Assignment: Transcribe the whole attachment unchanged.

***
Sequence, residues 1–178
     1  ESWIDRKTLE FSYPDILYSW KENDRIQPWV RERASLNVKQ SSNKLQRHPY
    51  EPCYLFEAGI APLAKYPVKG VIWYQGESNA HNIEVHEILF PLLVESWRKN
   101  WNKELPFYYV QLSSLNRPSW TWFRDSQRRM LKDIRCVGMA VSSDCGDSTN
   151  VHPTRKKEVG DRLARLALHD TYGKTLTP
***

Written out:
Sequence, residues 1–178
     1  ESWIDRKTLE FSYPDILYSW KENDRIQPWV RERASLNVKQ SSNKLQRHPY
    51  EPCYLFEAGI APLAKYPVKG VIWYQGESNA HNIEVHEILF PLLVESWRKN
   101  WNKELPFYYV QLSSLNRPSW TWFRDSQRRM LKDIRCVGMA VSSDCGDSTN
   151  VHPTRKKEVG DRLARLALHD TYGKTLTP